Keywords: Endoscopic Endonasal Transphenoid (EET), Medical robotics, Minimally invasive surgery, Neurosurgical robots, Pituitary adenoma, Robotic surgery.


1.1. New and Upcoming Technological Advances in the Medical Field

The field of medical imaging technology is growing fast, and the enormity of changes in the area is hard to fathom. Mobile application based medical imaging and Internet of Things (IoT) is blooming in the medical imaging arena and is routinely used cases like 3D viewing, and Picture Archiving and Communication System (PACS) connectivity [1, 2]. Recently, big data analytics has caught attention in the medical imaging field for its exceptional contribution to the care continuum and for the maintenance of Electronic Health Record (EHR) data [3]. The personalized medicine got modernized only after the 1950s. With the introduction of first automated and programmable computational machines (Fig. 1), neurosurgery field progressed rapidly and resulted in the development of modern computers.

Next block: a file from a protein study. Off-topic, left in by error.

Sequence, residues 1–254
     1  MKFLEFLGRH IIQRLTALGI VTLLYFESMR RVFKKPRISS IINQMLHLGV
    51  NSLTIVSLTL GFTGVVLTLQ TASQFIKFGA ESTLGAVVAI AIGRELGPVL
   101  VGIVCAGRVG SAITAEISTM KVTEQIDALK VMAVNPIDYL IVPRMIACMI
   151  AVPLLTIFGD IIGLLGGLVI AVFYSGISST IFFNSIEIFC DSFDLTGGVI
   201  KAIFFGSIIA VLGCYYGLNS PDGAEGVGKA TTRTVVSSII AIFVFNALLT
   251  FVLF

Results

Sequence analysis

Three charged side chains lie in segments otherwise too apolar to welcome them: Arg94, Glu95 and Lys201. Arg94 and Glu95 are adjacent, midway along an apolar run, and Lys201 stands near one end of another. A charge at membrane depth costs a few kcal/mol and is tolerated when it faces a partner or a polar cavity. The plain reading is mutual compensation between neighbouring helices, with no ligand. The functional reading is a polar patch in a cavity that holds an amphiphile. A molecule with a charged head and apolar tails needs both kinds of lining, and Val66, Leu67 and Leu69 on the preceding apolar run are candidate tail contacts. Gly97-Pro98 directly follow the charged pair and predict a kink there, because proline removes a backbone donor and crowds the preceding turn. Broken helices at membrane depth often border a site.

With the advancement of database based data collection and introduction of the modern computer, large data set management during clinical trial just got better. A comparison between conventional paper-based data collection and computer interface data collection is outlined (Fig. 2).

Development and utilization of robots in medical imaging is another potential area of technologic growth [4]. Use of Robots in the neurosurgery field is not a new concept. However, they are less commonly used compared to the extent they are used in other medical areas. When a surgeon reaches the human limits of precision of motor function, robotic devices help in stabilizing physiologic tremor and minimize the invasiveness of a surgical procedure.

Fig. (1). The Zuse Z3- world’s first operational computer designed by Konrad Zuse in 1941. (Original image courtesy: Venusianer.).

Fig. (2). Conventional paper based data collection method versus computer interface data collection method during a clinical trial period.

1.2. Medical Robotics